But adherence to historical fact as far as we know it – for early medieval sources are always inadequate, while even those that we have are seldom if ever entirely reliable – is only the beginning of Graves’s achievement, and indeed the easiest part of it. Where he truly excels is in his recreation of the atmosphere of sixth-century Byzantium, and even – to a most remarkable degree – in his ability to enter the minds of its people. For a perfect example, we have to look no further than the first three paragraphs. There, first of all, is the all-pervading Christian faith – of which no true Byzantine, however serious his transgressions, was ever for a moment unmindful. There are also references to the nature and importance of oaths, the education of children, the emptiness of fashion and ‘the world of men, women and clerics’ – these last being men of such huge power and prestige in the Empire that they might indeed have been considered a third sex. Equally telling is the scene which immediately follows of the drunken Cappadocians in the inn, discussing – as was the way in Byzantium – not politics or women but the nature of the Second Person of the Trinity. This passion for theological speculation was one of the characteristics of the Byzantines by which visitors to Constantinople were immediately struck. Already at the end of the fourth century St Gregory of Nyssa had wonderingly written:

  If you ask a man for change, he will give you a piece of philosophy concerning the Begotten and the Unbegotten; if you enquire the pr
ice of a loaf, he replies: ‘The Father is greater and the Son inferior’; or if you ask whether the bath is ready, the answer that you receive is that the Son was made out of nothing.

  By Justinian’s day the habit had spread even to the charioteers in the Hippodrome. Of the two leading teams, the Blues – favoured by the Emperor and Empress – maintained that Christ had two Natures, the Human and the Divine; a view hotly disputed by the Greens, who allowed him only one.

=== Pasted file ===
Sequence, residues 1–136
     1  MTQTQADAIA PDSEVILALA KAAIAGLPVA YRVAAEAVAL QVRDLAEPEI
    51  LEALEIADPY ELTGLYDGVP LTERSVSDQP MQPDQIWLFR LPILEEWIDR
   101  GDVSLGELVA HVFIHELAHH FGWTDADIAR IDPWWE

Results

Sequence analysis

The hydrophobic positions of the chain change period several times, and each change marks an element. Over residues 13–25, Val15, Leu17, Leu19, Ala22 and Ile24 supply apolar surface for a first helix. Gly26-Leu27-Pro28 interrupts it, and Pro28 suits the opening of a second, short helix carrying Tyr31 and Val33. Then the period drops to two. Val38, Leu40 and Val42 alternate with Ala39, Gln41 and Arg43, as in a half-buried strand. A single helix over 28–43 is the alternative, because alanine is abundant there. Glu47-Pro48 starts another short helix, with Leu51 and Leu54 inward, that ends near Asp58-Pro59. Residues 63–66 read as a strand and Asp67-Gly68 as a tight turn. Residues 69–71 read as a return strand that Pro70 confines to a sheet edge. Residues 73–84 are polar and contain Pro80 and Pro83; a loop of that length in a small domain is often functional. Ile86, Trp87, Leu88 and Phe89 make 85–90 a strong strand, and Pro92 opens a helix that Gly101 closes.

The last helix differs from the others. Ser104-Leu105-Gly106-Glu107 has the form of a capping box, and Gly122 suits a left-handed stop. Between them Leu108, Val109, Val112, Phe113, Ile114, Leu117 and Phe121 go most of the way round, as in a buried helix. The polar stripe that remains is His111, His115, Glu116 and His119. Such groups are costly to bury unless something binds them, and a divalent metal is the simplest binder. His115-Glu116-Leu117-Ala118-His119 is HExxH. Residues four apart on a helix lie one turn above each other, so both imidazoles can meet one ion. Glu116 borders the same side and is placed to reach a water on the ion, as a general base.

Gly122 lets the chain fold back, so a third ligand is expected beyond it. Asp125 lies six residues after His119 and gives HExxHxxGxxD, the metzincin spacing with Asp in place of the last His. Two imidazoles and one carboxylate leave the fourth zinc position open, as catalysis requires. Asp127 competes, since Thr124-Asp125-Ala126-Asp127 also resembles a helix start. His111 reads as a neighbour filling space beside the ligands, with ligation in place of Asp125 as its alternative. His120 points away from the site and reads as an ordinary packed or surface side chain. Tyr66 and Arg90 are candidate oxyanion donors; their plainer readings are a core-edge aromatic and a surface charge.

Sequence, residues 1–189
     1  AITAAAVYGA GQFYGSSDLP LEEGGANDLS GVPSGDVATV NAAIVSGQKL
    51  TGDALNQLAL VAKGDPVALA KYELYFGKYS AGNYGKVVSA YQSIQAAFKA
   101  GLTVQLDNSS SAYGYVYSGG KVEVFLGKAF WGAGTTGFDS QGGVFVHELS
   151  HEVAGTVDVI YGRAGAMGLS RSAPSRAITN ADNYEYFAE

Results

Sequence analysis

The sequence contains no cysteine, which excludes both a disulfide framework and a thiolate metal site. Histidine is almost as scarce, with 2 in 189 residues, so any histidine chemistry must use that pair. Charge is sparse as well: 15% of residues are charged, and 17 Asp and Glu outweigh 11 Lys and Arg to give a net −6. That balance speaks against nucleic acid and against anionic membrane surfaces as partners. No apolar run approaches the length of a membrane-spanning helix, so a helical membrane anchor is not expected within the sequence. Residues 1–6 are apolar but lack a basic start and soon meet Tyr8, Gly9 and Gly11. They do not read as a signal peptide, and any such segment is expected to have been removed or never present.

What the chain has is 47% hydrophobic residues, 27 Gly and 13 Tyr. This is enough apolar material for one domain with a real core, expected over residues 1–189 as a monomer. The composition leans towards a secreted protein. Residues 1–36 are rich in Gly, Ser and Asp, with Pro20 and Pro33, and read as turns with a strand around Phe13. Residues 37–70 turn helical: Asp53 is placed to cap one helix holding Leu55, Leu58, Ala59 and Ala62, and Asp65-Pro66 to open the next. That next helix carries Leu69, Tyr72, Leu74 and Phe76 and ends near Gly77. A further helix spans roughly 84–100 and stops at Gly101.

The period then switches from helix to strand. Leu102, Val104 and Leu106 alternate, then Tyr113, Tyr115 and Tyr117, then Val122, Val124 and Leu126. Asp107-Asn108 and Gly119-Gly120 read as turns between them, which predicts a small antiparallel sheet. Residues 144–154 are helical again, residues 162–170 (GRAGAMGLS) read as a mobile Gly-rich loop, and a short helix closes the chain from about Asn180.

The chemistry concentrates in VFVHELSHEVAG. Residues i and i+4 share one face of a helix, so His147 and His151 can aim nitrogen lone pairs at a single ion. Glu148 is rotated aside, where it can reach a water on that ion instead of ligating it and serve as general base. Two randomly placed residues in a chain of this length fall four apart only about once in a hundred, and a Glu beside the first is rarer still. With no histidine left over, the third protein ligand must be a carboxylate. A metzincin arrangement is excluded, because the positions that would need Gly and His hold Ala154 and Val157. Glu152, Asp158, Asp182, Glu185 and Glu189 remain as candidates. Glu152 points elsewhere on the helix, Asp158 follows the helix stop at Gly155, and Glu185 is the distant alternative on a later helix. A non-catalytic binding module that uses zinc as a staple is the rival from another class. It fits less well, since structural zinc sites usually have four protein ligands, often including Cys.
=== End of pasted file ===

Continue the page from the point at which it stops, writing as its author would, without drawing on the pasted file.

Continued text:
The second chapter of Count Belisarius in particular – begun on the author’s forty-second birthday – always strikes me as a tour de force. Here we have a description of a banquet given by a rich and somewhat pompous nobleman – during which, incidentally, Belisarius and Antonina fall in love. We are given every detail of the decoration, the clothes, the conversation, the food and drink, and the entertainment – this last provided by Antonina, at that time still a dancing girl from the theatre at Constantinople, who sings ravishingly to her lute and performs several extremely lascivious dances. The narrative is a perfect blend of scholarship and imagination, its effect rather like that produced by a brilliant portrait of an unknown sitter; the face is unfamiliar, but the individuality so strong that one instinctively recognizes a perfect likeness.

  And what of the eunuch Eugenius, that devoted slave of Antonina, by whom the entire story is told? He is the only major figure in the book for whom there is no historical authority; but he is none the less real for that. He was first introduced – only when the work was well under way – at the suggestion of Graves’s mistress (and for the previous eleven years his inspiration) Laura Riding, and he must have proved a godsend. He lends distance to the view, allowing us to stand – with him – aside from the action and to enjoy his commentary. More important still, he adds enormously to the verisimilitude. Imagine if we had only a straightforward, third-person narrative – it would have read like history – or if Graves had permitted himself direct speech, like a novel. Thanks to Eugenius, we feel we are reading neither: here instead is a chronicle, related by an eye-witness of the events described.